As someone who has witnessed and ultimately thwarted an attempted car theft in Canada, my first thought upon seeing this story of “smart car” tipping was to think “well, maybe this will teach the manufacturer to make the cars untippable.” Believe me, I’m all for smart cars. Not every car can be a tank, and I don’t think they should be. But how smart can they be if two people can do almost $10,000 worth of damage to one in five seconds by tipping it on its side? As a motorcyclist, I’ve lived with the possibility of random destruction of my vehicular property all my life. I’ve learned to be a little careful, a lot detached, and when possible heavily insured. As a driver of a 10-year-old pickup truck and a 20-year-old motorcycle I’ve also learned to not give much of a fuck. Sure, it sucks when someone randomly destroys or absconds with your property. I’ve been a victim of random property crime, and it hurt. But guess what: it’s going to happen. And you learn. You learn to keep your garage clean enough to put your vehicle away at night–when most property crimes occur. You learn to care not quite so much about what your sheet metal looks like. You know, if the finish on your metallic powder-coat window pillar can’t be restored outside the factory, maybe it wasn’t so “smart” in the first place.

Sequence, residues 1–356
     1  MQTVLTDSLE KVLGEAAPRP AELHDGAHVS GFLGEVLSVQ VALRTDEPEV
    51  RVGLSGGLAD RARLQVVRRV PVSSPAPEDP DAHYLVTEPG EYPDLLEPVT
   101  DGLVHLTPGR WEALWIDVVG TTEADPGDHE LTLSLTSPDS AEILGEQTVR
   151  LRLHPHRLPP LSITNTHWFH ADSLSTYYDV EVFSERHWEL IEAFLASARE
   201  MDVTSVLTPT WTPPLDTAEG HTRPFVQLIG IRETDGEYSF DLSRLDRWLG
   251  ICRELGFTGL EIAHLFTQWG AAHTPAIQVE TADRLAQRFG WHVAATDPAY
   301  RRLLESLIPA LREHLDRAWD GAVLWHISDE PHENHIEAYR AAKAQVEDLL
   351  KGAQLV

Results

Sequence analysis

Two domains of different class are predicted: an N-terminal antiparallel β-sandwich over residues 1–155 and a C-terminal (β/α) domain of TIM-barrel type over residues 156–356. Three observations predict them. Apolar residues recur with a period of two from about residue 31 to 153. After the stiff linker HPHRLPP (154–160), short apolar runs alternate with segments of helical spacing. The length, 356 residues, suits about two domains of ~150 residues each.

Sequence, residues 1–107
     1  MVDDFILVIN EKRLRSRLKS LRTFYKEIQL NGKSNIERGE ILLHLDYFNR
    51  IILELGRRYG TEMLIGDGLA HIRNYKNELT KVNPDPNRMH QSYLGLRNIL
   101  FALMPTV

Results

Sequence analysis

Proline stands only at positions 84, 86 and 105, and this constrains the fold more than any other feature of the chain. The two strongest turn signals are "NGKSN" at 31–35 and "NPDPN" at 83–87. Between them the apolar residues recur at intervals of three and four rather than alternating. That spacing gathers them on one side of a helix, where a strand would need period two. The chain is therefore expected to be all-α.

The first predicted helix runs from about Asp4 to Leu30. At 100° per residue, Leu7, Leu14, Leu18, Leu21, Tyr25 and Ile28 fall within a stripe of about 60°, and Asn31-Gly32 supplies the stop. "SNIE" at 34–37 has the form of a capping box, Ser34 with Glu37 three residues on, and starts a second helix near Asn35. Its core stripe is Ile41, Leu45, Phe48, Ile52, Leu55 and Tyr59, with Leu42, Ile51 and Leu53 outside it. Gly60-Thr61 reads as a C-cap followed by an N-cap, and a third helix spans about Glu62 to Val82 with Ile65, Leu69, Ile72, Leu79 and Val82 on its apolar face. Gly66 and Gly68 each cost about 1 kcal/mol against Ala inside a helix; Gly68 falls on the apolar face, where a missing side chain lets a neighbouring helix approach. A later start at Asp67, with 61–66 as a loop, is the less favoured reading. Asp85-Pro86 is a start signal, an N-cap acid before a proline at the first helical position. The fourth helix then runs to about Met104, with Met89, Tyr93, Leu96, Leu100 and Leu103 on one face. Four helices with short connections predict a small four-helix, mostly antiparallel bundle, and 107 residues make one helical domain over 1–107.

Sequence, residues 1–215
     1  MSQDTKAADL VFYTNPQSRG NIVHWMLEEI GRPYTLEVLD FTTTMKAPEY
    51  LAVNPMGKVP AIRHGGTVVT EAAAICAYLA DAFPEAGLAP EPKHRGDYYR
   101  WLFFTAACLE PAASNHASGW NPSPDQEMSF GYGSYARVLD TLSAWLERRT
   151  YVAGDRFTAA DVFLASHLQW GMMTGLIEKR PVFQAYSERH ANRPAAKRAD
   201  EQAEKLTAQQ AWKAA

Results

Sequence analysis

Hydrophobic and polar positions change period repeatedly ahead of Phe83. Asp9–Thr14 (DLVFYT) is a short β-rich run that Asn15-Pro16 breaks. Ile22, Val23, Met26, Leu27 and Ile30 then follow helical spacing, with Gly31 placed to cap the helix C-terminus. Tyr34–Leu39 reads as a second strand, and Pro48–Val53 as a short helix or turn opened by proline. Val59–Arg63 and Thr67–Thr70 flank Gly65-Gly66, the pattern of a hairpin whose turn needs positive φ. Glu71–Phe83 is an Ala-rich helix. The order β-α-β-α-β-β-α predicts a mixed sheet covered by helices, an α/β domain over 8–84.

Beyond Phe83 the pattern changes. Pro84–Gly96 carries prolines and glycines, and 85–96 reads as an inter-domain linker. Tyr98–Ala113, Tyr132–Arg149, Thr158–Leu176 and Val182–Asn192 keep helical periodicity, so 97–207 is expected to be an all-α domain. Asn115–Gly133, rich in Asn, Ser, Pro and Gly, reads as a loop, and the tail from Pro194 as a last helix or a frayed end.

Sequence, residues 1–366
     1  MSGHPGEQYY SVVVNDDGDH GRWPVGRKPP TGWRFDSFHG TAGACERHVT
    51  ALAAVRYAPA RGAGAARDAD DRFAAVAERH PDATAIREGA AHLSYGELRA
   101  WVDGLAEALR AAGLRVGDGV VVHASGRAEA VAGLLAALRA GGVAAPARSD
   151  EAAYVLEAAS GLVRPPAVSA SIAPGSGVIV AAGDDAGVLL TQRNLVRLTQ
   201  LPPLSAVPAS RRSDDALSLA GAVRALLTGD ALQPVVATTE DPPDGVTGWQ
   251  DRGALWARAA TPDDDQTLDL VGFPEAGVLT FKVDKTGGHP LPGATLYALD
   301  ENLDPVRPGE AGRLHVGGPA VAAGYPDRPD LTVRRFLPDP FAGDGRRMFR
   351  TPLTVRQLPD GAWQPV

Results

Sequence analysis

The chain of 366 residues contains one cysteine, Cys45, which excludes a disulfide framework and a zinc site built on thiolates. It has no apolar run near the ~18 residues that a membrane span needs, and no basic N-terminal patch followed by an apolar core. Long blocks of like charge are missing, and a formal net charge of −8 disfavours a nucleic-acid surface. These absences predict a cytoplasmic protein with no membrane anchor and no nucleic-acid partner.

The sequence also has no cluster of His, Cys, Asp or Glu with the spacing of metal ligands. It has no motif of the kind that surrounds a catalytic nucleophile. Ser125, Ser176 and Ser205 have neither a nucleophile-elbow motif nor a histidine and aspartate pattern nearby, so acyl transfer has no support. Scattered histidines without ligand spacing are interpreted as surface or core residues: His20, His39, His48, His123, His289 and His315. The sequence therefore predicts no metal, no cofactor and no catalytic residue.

Motorcycles, being inherently unstable at rest, used to be designed to handle a fall pretty well. I say used to be because these days motorcycle design is heavily informed by automotive design, which means large expanses of fragile surfaces that we care a lot about because they account for about half the resale value. But in the old days if you dropped a bike you might bust a signal light and scuff some chrome, but the vehicle would be basically operable and intact after anything short of a high-speed collision (again, been there). So why not make the smart car a little smarter? If you assume the vehicle will be tipped, this is pretty easy to design toward. So why aren’t the smart car folks doing this? Well, for one thing because they currently have a monopoly. There’s nothing to prevent them from selling extreme fragility and a 9-month wait time for parts with every vehicle. Some tipping will be almost required to straighten this out.